Well, there’s the obvious issue of lactose intolerance, but if your cat seems okay with digesting cheese, there’s no real danger there. As long as you make it a rare treat, not a regular thing, and stick to hard, aged cheeses, it should be fine.
Yes, cats can eat plain, unsweetened yogurt – and they might benefit from all the "good" bacteria cultures and nutrients found in yogurt. What’s more, if your cat has an upset tummy, even one teaspoon with every meal can make a huge difference.
Start with a small amount and see how it goes.
If your cat seems to handle dairy products well, and you stick to vanilla ice cream, a few licks won't do any harm.
Remember, your cat doesn’t care about the sweetness – it’s the high-fat content that attracts them, so give the homemade low-sugar ice cream a try.
Read more: Can cats eat ice cream?
Yes, popcorn is safe for cats.
Who doesn’t like to spend their nights with a bowl of popcorn and a cat in their lap? But what if you catch your cat stealing popcorn when she thinks you’re not looking?
As long as they’re homemade and free of additives, unlike those found in microwave popcorn, you and your cat can continue snacking and enjoying movie night together.
Nope, no, no way!
Let me repeat that: Cats should never eat chocolate!
Two substances found in chocolate – caffeine, and theobromine – make it lethal to cats. The darker the chocolate, the higher the toxicity. Cats aren’t likely to eat chocolate, though, because they don’t care about sweets, but if it happens, call your vet immediately.
Does anyone do this on purpose? By trying to get your cat drunk because you think it’s funny, you risk putting her into a coma – or worse. Their tiny bodies don’t stand a chance against alcohol.
Shame on you.
You know how you feel like after one cup of coffee too many? That’s how a few laps will feel for your cat. That’s why coffee, tea, soda – and everything else that contains caffeine, for that matter – is off limits!
When ingested, caffeine can cause an increased heart rate, hypertension, tremors, and sometimes it can damage your cat’s nervous system to a point where it causes seizures and, sadly, death.
Homemade Cooked Cat Food Recipes
You know how you love home-cooked meals more than those fancy restaurant ones? Well, why not surprise your kitty with a homemade dinner, as well?
Here are some homemade cooked cat food recipes that will fill their nutritional needs and satisfy even the fussiest of cats!
Chicken And Rice Cat Food
- Cooked chicken breast, chopped – ½ pound (make sure it’s boneless)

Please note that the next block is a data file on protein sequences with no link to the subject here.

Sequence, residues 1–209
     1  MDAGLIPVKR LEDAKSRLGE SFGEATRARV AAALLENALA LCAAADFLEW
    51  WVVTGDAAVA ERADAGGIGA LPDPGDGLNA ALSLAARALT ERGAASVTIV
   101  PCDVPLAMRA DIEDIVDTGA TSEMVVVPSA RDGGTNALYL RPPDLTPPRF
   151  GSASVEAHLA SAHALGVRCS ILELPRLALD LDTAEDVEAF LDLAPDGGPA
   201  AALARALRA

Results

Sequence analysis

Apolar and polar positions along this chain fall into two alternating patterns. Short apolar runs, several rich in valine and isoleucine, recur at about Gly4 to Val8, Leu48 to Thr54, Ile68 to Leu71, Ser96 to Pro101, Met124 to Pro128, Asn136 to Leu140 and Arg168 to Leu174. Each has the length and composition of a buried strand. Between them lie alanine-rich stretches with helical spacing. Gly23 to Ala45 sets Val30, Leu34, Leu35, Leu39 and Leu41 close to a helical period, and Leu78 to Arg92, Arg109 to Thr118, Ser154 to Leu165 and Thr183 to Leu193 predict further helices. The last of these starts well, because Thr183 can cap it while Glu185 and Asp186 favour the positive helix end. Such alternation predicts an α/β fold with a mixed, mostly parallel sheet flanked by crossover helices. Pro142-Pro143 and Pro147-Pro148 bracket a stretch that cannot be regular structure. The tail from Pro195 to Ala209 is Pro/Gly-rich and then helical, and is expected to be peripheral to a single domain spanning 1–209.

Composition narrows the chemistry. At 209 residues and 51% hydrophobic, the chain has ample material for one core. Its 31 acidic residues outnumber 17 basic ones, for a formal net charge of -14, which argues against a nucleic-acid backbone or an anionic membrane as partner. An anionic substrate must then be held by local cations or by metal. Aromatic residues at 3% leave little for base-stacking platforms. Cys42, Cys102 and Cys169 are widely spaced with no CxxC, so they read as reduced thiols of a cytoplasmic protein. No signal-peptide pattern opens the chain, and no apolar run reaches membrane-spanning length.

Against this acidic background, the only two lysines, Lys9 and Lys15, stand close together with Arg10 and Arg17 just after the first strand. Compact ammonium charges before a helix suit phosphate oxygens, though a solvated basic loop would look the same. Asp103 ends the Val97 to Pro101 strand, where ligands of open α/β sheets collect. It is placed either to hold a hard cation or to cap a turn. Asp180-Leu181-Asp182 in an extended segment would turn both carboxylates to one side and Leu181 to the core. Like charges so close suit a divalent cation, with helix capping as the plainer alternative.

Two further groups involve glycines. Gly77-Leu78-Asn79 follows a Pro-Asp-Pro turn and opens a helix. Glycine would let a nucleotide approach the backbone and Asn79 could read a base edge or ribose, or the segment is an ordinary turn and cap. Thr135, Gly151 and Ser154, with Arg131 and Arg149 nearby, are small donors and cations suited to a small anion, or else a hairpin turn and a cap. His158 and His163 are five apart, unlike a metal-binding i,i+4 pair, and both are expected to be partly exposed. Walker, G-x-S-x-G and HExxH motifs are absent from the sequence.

- One hard-boiled egg, chopped
- Cooked long-grain rice – 1/3 cup
- Four teaspoons of canola or olive oil
- One cup of plain chicken stock
This one is, by far, the easiest cat food recipe on the list to follow – all you need to do is mix the ingredients – make sure the chicken stock is not too hot, though – and serve them to your kitty.
Store any leftovers in the fridge (make sure you use proper food containers) for up to three days.
- Lean turkey, ground – ½ pound
- Boiled carrots, chopped – ¼ cup
- Cooked peas – ¼ cup
- Oats – ¼ cup
- Two hard-boiled eggs
- One raw egg
While you’re waiting for your oven to heat up to 350 degrees Fahrenheit, take the time to mix the ground turkey, peas, and carrots in a large bowl, then add in the raw egg, and oats, and stir everything well.
Pour one half of the mixture in a loaf pan (make sure it’s only lightly greased), place the boiled eggs into it, then pour in the rest of the mixture over them.
Bake the meatloaf for about 45 minutes, then slice it, and serve to your ca one slice at a time.
Homemade Treats For A Kitty With A Sensitive Stomach
These bite-sized treats are the perfect cat food for sensitive stomach, and here’s how you can make them yourself!
- Two cups of rice flour
- Turkey meat, pureed – ½ cup
- Boiled peas, pureed – ½ cup
Start by preheating the oven to 325 degrees and lining a cookie sheet with parchment paper. Combine the turkey, peas, and flour in a mixer, then knead the dough on a lightly floured surface. If you want to make something extraordinary for your cat, you can use cookie cutters to shape the treats, but a knife will work, too.
Bake the treats at 325 degrees for about 20 minutes, then flip them, lower the temperature to 175, and bake for an additional 40 minutes.
As a cat owner, you probably think of your cat as more than just a pet – a family member sounds more like it, right? You want to do everything you can to keep your kitty away from anything that might harm her.
That means not only picking the best dry cat food and researching cat wet food options, but doing your best to gather info on what might be toxic, and what works as cat food for diarrhea, too. Ah, the things we do for love!
On that note, I hope this article answered any doubts you might have had about what human food can cats eat, but if you have additional questions, feel free to leave a comment below!